Regular physical activity really does boost immune system in older men

08/24/04

Novel in vivo challenge measures exercise-related advantage, especially needed during times of immunocompromise, such as advancing age

BETHESDA, MD (August 24, 2004) – As they get older, many older people, mostly men, are fond of saying something along the lines of, "I feel like a 25-year-old."

As it turns out, judging by the reaction strength of their immune system to an unknown, but harmless, protein antigen, it's possible for men over 70 to mount an immune response similar to that produced by much younger men -- if they get regular moderate physical activity of about six hours a week.

Previous studies show that the aging immune system suffers from a progressive decrease in function that can lead to several negative situations including increased risk of infectious disease and ineffective response to vaccination. It's been shown that regular moderate cardiovascular exercise such as walking or cycling may offset some of the immune function decline in healthy older people. However most earlier studies tested the effect of exercise on immune function using in vitro measures of immunity, which aren't always predictive of in vivo responses. Furthermore many earlier studies depended on antigenic challenges that weren't novel to the subjects, which stimulated secondary or tertiary responses.

Colorado researchers use KLH for true primary immune response

Researchers at the University of Colorado-Boulder wanted to test the popularly accepted notion that people who maintain a physically active lifestyle will enjoy the benefits a stronger immune system into older age. They designed a novel in vivo challenge to the immune system. To get clean, comprehensive results, they used KLH (keyhole limpet hemocyanin), a benign T cell-dependent protein isolate that has been used extensively with animals in the past, that also is safe for humans.

The study, entitled "Influence of age and physical activity on the primary in vivo antibody and T cell-mediated responses in men," appears in the August 2004 issue of the Journal of Applied Physiology, one of 14 peer-reviewed journals published by the American Physiological Society.

The investigative team was lead by Monika Fleshner and included Taro P. Smith and Sarah L. Kennedy, all from the Department of Integrative Physiology, University of Colorado at Boulder.

Method and results

The researchers tested almost 50 healthy, young (20-35 years of age) and older (60-79) men, some physically active and some sedentary. Using KLH overcame a major problem in many earlier age vs. exercise studies which typically utilized in vitro tests or vaccine or recall antigens to elicit an immune response. In the first stage, all subjects were "immunized" with KLH with blood collected on day one and then each week for a month. The samples were comprehensively tested by ELISA (enzyme-linked immunoabsorbent assay) for anti-KLH IgM, IgG, IgG1 and IgG2.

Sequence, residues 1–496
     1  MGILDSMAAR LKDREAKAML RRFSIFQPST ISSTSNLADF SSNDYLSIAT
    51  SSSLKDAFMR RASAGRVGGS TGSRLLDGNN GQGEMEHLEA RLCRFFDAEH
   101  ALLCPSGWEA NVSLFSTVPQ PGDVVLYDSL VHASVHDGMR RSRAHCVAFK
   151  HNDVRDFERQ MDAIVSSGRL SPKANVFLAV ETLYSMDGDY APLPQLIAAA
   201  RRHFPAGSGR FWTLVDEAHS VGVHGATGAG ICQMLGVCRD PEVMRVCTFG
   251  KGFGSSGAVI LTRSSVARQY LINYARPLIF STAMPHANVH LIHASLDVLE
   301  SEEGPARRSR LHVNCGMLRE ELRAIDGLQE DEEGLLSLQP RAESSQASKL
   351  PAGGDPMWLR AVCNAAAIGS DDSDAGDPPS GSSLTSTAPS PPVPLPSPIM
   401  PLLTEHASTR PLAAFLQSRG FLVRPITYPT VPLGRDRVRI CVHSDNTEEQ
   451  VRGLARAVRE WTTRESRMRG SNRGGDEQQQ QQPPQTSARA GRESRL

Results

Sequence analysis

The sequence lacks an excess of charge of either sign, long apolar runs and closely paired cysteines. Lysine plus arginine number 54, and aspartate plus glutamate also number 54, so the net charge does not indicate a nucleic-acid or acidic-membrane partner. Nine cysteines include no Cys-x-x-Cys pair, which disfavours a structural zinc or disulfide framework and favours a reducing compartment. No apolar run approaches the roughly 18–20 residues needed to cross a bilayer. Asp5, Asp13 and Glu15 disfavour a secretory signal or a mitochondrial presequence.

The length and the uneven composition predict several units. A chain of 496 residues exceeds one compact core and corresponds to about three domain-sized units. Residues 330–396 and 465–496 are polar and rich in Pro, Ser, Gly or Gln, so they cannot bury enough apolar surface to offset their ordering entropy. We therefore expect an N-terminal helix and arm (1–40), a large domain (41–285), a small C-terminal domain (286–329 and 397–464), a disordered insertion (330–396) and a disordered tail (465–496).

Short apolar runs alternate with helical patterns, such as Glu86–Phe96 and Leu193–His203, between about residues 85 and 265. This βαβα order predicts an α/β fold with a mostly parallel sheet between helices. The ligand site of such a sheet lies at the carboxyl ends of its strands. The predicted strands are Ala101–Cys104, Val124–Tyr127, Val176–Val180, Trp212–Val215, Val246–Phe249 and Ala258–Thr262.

The second phase was three weeks later. Subjects received an intradermal injection, or skin test, of KLH with inflammation measured each day for five days to assess anti-KLH delayed-type hypersensitivity response (DTH). There was significant reduction in all anti-KLH measures with aging except for anti-KLH IgG2. The physically active older group had significantly higher anti-KLH IgM, IgG, IgG1 and DTH but not IgG2 compared with the sedentary older group.

Experiment one found that the anti-KLH IgM and IgG titers were elevated three weeks after immunization, showing that the ELISA successfully detected KLH-specific Ig and that KLH immunization induced a primary antibody response. Moreover, the KLH skin test resulted in a DTH reaction that peaked after two days, persisting up to five days. Non-immunized subjects had no inflammation, showing that the DTH reaction was specific to KLH recognition.

Discussion and conclusion

The researchers said this was the "first study to clearly demonstrate in humans by use of a novel in vivo antigenic challenge that a physical active lifestyle is associated with preventing age-associated declines in the generation of a primary antigen-specific T cell-dependent antibody and DTH responses in aging humans."

The study found that there is an age-related decline in the primary antibody response to the novel antigen KLH as well as an age-related decline in the memory T cell response to KLH. The older physically active subject had an improved antibody and DTH response compared with older sedentary subjects that is equal to that of younger subjects. The changes in anti-KLH IgG production are primarily of the IgG1 isotype. This suggests that aging produces declines one specific T cell sub-type (Th1) that is essential for the generation of IgG1 in humans and that a physically active lifestyle in the older subjects selectively maintained the function of that specific T cell subset.

Importantly, antigen-driven responses, but not total antigen nonspecific Ig, were affected by age or exercise, suggesting this measure is truly reflecting alterations in the in vivo function of T and B-cells.

In conclusion they said the results provide in vivo evidence that physical activity is associated with maintaining a more optimal T cell-mediated response and that the DTH measure could have an important clinical implication because reductions in DTH is a predictor of mortality in the elderly and is a determinant of infectious disease risk. Furthermore, the researchers said "maintaining a physically active lifestyle improves health throughout the life span, but especially during times of immunocompromise, such as advancing age."

They noted that although most of the regular exercisers were runners, that the type of exercise didn't seem to matter.

Source: Eurekalert & others

Last reviewed: By John M. Grohol, Psy.D. on 21 Feb 2009
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